If you have completed the ‘Between Heaven and Earth’ course, then you will have already come across this exercise. There is value in revisiting it as part of this course on standing practice.
Start with your normal warmup. Settle into your Wuji posture, and then raise your arms directly above your head and stand breathing deep relaxed breaths.
The posture is simple, but many people will find it challenging as they will have muscle tensions that make it difficult to hold the hands above the head for extended periods of time. We often think of these tensions as being in the shoulders, and a lot of them do build up in this area, often from sitting at a desk or using a computer. But we will find that there are actually corresponding tensions and misalignments throughout the body, particularly down through the back and in the pelvis, but also all the way down to the feet.
As we work on standing and relaxing into this posture without straining, little by little these tensions will begin to rebalance and wash away. It is very important that we don’t strain though, for the same reasons mentioned in earlier weeks. To help with this there are a couple of things you can do.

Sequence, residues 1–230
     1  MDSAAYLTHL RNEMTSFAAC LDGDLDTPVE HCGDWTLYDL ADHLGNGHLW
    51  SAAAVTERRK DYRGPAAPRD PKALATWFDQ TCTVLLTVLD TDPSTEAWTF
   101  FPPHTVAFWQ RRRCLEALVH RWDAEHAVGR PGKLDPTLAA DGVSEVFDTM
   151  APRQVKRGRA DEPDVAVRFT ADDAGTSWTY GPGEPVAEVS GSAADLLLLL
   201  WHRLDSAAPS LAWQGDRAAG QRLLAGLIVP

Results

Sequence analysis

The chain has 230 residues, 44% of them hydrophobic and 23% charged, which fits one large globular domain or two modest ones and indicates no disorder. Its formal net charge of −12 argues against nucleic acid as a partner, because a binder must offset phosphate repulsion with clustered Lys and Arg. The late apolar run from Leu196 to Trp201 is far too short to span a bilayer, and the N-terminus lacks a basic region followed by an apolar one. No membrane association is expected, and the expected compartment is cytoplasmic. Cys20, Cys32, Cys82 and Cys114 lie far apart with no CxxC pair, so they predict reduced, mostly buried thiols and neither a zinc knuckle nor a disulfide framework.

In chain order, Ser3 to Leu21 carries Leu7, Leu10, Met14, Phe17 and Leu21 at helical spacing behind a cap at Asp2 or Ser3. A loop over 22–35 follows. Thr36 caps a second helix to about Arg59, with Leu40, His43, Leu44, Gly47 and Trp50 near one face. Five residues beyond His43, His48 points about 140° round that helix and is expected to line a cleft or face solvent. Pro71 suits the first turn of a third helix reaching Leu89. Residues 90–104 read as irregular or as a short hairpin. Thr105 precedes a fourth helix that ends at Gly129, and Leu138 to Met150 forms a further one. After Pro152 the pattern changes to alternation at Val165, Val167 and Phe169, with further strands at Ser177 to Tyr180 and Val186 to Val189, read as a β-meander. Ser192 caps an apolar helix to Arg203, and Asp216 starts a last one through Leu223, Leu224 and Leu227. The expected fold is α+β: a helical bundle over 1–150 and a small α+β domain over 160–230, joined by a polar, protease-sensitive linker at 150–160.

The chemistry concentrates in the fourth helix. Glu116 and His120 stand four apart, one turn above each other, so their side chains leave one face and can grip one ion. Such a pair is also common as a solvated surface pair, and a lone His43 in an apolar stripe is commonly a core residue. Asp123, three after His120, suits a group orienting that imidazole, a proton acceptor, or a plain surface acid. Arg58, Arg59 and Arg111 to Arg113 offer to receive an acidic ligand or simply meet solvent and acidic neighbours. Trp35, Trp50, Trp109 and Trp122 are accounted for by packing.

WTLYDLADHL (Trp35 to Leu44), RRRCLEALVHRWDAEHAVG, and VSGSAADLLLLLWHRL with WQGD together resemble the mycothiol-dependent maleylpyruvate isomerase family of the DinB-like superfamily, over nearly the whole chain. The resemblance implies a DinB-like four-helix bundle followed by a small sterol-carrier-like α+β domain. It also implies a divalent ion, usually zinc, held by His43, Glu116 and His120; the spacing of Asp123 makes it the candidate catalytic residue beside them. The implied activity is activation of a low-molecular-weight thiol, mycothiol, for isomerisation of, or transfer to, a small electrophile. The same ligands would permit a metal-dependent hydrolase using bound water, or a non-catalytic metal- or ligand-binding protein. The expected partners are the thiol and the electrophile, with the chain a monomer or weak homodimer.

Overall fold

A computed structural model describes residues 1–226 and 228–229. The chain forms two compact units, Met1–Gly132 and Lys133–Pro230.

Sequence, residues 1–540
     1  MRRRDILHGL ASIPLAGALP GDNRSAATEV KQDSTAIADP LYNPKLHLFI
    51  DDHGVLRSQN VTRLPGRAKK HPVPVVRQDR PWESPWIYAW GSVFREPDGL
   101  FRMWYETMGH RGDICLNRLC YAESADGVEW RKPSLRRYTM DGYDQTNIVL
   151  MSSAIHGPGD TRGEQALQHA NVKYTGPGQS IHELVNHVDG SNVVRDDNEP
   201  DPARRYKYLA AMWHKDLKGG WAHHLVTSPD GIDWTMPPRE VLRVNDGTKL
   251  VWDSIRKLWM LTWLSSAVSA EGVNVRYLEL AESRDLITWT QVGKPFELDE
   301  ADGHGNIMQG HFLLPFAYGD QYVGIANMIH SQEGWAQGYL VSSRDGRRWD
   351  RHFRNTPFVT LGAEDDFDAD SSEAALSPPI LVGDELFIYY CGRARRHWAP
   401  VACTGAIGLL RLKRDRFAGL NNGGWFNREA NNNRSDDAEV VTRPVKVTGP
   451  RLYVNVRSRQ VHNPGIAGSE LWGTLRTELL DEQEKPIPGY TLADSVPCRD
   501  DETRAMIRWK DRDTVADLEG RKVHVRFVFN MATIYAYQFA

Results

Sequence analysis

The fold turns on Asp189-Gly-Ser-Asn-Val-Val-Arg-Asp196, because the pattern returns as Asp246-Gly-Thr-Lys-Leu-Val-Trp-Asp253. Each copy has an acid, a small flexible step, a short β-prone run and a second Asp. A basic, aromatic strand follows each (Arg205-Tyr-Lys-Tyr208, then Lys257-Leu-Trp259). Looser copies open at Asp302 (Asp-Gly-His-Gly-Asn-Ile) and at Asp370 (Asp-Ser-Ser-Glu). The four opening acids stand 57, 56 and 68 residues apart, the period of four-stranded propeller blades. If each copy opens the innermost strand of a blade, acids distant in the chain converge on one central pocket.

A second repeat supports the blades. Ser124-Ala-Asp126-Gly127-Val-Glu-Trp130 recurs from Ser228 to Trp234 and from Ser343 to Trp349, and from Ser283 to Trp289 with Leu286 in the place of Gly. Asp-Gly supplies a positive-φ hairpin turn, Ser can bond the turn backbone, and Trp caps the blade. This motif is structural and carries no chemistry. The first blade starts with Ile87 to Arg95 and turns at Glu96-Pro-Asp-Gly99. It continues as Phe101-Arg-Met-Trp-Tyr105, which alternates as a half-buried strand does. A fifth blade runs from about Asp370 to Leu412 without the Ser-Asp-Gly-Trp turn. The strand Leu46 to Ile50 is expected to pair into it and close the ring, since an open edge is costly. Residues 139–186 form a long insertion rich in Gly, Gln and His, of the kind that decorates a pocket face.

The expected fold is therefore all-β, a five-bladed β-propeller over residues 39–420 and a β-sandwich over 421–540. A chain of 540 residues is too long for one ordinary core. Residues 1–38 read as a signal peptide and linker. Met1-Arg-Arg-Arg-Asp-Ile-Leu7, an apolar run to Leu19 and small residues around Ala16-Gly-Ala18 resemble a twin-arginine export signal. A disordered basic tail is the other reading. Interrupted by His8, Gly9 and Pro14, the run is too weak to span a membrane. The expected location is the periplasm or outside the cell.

You can count how many breaths you can comfortably hold the posture with your hands above your head for, then lower your hands back to the Wuji posture and stay in this posture for the same number of breaths before raising your hands again. You can repeat this as many times as you wish to in the session. Little by little, session after session you can increase the number of breaths you spend with your hands raised, until you can just do a full session with your hands raised in this posture.
Something else you can do if you are trying to extend the time you are able to comfortably spend with your hands raised, is to periodically sway forwards and back and side to side like grass as we did in week one, but this time with your hands raised rather than by your sides.
Some people may find this exercise easy – which is great, for others it will be a real challenge – but the benefits are worth persisting with the practice for, even if progress is slow to begin with.